But the day-to-day stuff is basically, right now it’s a lot of sitting around and doing Twitter and email. I try to recharge my batteries for the space game. I haven’t been doing much actual work, I’ve been doing like corporation work, like biz-dev work, whatever that is, but not much of what I want to do, which is game development.
Minecraft was a huge success on Xbox Live Arcade, to an almost surreal degree, and the original game was released and then you built on it. Is it frustrating to have a version of the game so many people are playing where there’s an entity between you and the players?
It’s not that bad, somehow we managed to get in the contract that we can do free updates, which they don’t do. Somehow Carl managed to do that.
Well, not “somehow,” you have a lot of leverage in this situation.
It’s not like you’re a tiny indie hoping someone is going to play your game.
Yeah, I think we managed to convince them based on the fact that it worked on the PC. So that’s how we did it, I understand why it happened. But it’s kind of… it’s a unique position to have. And we have 4J [Studios] doing all the development, so it’s kind of two layers between us and the player. It goes through Microsoft and through 4J to get it out there. But it’s an older version of the game, it’s playing catch-up and will never be the same as the PC, and the PC has mods and everything.
To me it feels like a time machine, like players playing an old version, the Xbox version. So I feel like I already had that interaction and I know how well the older version worked. Yeah, it’s frustrating. I wish we could do more cross-talk on that.
You’re very outspoken on Twitter, and there’s even been jokes where you tweet that anything will be a story on Kotaku just because you tweeted it. Do you find yourself policing how you interact with people?
I try not to censor myself on opinions, because I want people to have opinions and we don’t have any investors to be careful about. The only risk I guess is getting sued. I don’t curse that much, and I try not to have controversial political opinions, expect for things I really care about like patents and stuff. So I don’t necessarily say who I’d vote for in the American election, so I do kind of censor myself that way. I don’t think people follow me for that reason. But I will state opinions on the game industry and I’ll do stupid jokes and stuff.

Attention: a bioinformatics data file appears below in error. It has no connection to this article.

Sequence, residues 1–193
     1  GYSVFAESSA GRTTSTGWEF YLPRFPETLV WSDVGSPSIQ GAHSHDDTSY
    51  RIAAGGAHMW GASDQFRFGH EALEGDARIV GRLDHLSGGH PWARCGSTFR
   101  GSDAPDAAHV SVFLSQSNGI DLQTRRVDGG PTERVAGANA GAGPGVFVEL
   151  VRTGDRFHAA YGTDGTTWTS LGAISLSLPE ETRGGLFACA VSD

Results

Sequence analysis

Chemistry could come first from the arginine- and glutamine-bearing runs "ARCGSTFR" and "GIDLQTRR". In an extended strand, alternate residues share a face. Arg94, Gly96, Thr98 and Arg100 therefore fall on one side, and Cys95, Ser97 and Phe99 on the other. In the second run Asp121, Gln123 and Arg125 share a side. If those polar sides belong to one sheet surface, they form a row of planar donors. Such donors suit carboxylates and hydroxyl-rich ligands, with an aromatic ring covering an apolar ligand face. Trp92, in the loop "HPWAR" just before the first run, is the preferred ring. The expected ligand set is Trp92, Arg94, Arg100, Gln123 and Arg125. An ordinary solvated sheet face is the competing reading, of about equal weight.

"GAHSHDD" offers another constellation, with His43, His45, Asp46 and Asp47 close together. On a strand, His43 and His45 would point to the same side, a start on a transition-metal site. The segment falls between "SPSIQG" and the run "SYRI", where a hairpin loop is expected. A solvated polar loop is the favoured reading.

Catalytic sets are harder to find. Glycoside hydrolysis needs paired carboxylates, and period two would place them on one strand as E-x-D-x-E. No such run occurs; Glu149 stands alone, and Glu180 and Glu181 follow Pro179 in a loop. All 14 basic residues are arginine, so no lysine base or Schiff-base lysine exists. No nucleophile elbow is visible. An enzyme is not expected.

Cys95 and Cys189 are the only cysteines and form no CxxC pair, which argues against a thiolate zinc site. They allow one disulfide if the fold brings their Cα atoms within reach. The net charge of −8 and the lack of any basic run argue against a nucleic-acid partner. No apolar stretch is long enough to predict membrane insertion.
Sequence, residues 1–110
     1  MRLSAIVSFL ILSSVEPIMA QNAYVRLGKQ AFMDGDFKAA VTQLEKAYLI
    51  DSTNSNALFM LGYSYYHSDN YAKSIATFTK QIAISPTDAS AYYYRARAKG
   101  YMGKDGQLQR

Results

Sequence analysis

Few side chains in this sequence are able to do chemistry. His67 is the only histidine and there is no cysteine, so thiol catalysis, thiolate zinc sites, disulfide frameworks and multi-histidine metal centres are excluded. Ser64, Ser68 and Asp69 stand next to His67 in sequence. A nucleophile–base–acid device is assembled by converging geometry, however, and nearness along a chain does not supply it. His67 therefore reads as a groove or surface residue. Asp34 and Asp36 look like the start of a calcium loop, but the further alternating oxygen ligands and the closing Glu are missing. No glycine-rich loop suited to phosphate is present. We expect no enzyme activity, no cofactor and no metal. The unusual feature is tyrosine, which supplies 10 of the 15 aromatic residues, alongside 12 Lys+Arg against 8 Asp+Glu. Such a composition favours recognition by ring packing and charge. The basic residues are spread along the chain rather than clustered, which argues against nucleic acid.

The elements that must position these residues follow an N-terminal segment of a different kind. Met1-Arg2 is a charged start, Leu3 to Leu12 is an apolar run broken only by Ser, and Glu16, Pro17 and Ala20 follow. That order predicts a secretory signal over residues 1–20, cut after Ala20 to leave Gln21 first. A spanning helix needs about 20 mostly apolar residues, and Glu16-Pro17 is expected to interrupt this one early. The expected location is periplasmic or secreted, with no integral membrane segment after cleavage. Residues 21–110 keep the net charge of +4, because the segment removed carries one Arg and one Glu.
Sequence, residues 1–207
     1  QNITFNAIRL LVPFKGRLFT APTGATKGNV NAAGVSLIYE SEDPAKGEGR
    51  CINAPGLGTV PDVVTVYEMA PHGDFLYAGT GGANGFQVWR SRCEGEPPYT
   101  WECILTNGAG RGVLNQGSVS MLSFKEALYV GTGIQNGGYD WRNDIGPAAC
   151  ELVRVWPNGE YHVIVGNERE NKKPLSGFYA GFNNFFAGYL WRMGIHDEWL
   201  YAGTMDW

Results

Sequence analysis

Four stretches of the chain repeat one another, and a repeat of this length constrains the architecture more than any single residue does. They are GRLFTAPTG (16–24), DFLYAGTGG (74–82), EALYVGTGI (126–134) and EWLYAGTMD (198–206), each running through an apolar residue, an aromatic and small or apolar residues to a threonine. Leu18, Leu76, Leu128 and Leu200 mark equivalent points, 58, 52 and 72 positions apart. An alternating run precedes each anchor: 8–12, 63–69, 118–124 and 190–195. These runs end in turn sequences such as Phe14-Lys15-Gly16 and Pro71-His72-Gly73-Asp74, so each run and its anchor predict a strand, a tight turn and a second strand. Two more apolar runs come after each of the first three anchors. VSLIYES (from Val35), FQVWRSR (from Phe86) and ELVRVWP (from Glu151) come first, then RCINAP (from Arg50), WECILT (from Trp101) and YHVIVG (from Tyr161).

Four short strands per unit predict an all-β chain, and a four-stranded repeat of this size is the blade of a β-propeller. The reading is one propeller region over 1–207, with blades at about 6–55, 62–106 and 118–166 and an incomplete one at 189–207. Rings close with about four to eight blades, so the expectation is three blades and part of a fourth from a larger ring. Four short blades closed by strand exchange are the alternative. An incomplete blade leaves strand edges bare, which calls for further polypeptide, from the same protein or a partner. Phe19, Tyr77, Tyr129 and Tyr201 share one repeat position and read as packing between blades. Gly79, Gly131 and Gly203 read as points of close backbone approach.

You’ve kind of had a rocky relationship with the games press, do you feel like you’ve been burned in the past?
No, 99% of the gaming press are awesome people who care about games. Then you have a couple percent who don’t really care about games, they care about clicks, and that’s very frustrating, because you take the time to do an interview and a photo shoot and some of the things turn out good and they run some tabloid crap.
Yeah, I pick and choose who I talk to.
0x10c and finding the fun in games
So how playable is… I hope I’m going to say this right. Ten to the see? (A quick note: I can’t begin to explain this game within the context of the interview, so dive in. Emulated computers and all. Also, spelled out it looks like 0x10c)
Yeah! You can pronounce it any way you want.
Is it in a playable state? There’s almost no information out, and people are hungry for news.
There’s a physics engine you can walk around and a room builder thing, so it’s kind of playable, but it’s nowhere near final. Which is frustrating. So I’m going to back to that now after PAX basically. And I might possibly start over, because it feels like… it’s not fun, the stuff you’re actually doing. If it’s not fun to walk around the spaceship then the game isn’t fun. So I need to figure that out and try to, not necessarily gamify, but add more instant gratification.
I was reading the game’s website and the information you’ve released and looked at everything I could, and it seems so ambitious, with the emulated computer, but it’s hard to nail down what the game is going to be. Do you know in your head what the players are going to be doing on a moment-to-moment basis?